Tags: bicycles, bike, handlebars, singapore
Two mini-posts for the price of one today – I’m feeling exceptionally generous. Or perhaps just too lazy to write up two full-length articles.
The first vignette concerns a recent business trip I had to make to Singapore. Now, I have to say I’m not very keen on Singapore. It’s just so pedestrian unfriendly – a city riven with huge multi-lane roads, and a paucity of pedestrian crossings. Whilst I was there I watched some tourists literally stranded at an intersection because there was no pedestrian crossing on their corner – this huge multi-lane crossroads only had pedestrian crossings on two sides. I was at the same corner, and ran across as the lights changed – but they struggled to manage the same trick; getting partway across before losing their nerve as four lanes of traffic started bearing down on them and scuttling back to where they started from. I’ve no idea how long they were stuck there.
So how to bicycles fare in this maelstrom? Well, there are some people riding, but not that many. I did see a few brave souls on the road, but for the most part they are riding on the pavement. Interestingly I’ve seem reports of Singapore as actually not a bad place to ride – drivers are accommodating and polite. However, the nature of the roads, and a road design policy that is utterly motor-vehicle centric can’t make it that much fun. Unfortunately I didn’t get a chance to commandeer a bike and try for myself – maybe I’ll do that next time.
The other vignette is a question. What is the difference between these two pictures?
Yes, OK, the front forks, wheel and stem are different. As is the drive-train. Anything else? Well, what you probably can’t easily see in the pictures is that the slope on the handlebars is ever-so slightly different. When I got the new forks put on, evidently the bike store didn’t set the handlebars up exactly the same – they were slightly less upturned. Not much – maybe a centimetre or two. Yet that small difference was enough to mean that the pressure on my hand when riding on the hoods (which is what I do 95% of the time) was more in the arch of my thumb then the heel of my hand – and that braking was also putting more pressure on my wrists. I couldn’t work out my my wrist was suddenly aching after riding – to the point that the tendons at the base of my thumb were sore even when not on the bike. Was it just old age catching up with me? But then I realised; adjusted the bars slightly and – hey presto – things are much improved. Who’d have thought that such a tiny change could make such a difference.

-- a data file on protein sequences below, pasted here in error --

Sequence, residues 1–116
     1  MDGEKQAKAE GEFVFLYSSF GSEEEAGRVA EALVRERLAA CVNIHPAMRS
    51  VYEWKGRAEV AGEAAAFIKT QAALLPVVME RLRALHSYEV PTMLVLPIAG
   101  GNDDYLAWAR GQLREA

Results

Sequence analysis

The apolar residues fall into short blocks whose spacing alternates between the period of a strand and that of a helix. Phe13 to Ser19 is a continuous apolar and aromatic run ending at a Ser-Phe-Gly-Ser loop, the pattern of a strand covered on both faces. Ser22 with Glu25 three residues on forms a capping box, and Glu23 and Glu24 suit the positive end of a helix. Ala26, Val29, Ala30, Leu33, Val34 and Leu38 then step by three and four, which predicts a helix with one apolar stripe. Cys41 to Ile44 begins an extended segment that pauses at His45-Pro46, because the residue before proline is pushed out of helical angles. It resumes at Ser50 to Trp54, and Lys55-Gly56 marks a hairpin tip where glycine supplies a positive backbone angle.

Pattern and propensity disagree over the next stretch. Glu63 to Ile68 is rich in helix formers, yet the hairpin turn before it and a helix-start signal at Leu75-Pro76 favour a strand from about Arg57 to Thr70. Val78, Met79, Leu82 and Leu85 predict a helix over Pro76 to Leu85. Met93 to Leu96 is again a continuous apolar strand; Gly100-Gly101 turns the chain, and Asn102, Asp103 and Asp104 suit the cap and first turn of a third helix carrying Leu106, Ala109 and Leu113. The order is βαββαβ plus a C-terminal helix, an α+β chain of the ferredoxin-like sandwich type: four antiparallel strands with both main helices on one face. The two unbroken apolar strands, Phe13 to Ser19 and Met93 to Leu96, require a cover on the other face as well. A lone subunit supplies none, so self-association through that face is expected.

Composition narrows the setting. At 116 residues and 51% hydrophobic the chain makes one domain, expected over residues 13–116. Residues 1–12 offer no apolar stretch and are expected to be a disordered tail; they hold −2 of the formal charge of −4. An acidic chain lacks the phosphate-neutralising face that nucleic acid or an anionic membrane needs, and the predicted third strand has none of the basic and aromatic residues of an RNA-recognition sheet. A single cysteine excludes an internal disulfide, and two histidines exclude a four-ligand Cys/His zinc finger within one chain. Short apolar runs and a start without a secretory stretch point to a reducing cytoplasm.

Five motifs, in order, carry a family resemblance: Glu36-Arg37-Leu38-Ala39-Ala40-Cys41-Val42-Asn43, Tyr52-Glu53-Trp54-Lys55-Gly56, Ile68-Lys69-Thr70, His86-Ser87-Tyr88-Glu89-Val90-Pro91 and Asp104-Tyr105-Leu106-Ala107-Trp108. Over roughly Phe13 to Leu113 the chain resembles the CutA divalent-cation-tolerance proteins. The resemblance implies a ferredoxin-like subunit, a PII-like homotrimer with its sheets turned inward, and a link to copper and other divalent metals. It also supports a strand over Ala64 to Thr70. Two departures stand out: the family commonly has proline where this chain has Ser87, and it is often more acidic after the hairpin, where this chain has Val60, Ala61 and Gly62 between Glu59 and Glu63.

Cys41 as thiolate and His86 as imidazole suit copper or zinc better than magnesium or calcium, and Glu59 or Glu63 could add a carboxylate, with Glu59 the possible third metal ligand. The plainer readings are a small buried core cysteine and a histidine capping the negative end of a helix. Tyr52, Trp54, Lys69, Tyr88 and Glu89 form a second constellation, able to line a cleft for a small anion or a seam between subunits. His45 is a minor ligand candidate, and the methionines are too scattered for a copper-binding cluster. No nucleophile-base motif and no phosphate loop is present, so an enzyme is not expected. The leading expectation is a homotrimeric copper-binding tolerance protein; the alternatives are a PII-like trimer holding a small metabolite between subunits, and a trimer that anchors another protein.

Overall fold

Tags: Arnott's, biscuit, chocolate, chocolicious, original, tim tam
In a quite extraordinary turn of events, I just found this review languishing in my drafts folder. I say ‘review’, but really it was just this pack picture and a few notes. Unfortunately, it was so long ago that I last had an ‘original’ chocolicious bite i can barely remember it. I have, on the other hand, chomped through many packets of the dark chocolate variety, which should tell you something.
Of course, calling a new product ‘original’ is a bit of an oxymoron. What Arnott’s are trying to do is to leverage the ‘original’ Tim Tam product, so one would expect something with a similar construction and taste.
According to my notes and distant memories, this is exactly what they have achieved. these taste pretty much like regular Tim Tams, just bite-sized and in a fancy pack. So they are really quite OK, but lack all the sophistication of their dark chocolate brethren. Given they are more expensive than regular Tim Tams though, I’d suggest that if you are after an Original Tim Tim hit, just go and buy some Original Tim Tams.
So in summary, these are quite OK, but nothing interesting or special. A solid seven out of ten.
Tags: book, map of howhere, martin bannister, novel, review
‘A Map of Nowhere’ is Martin Bannister’s debut novel, and concerns the unfolding web of relationships between the protagonist, artist David Price; Pete, the mentally ill man he acts as support worker for; David’s rather unsympathetic girlfriend and her terminally ill sister.
The relationship between David and Pete is the main focus, and by far the most interesting part of the story – indeed the other characters and episodes sometimes feel a bit like filler, contributing little to the intriguing unfolding of the primary characters. The book pivots on a fact revealed about half-way through, which although subtly signposted beforehand did provide a very satisfactory literary moment; enough to make me put the book down for a second or two to absorb the implications before continuing.
The writing is well paced and the dialogue flows very naturally, although in places the novel did feel a bit thin and lifeless. The ending also felt a bit forced; I think it would be a more powerful conclusion if the last five pages or so were omitted. That said, I did enjoy the book and would recommend it – it is an interesting study of relationships, mental health issues, families and how our futures are shaped by our pasts.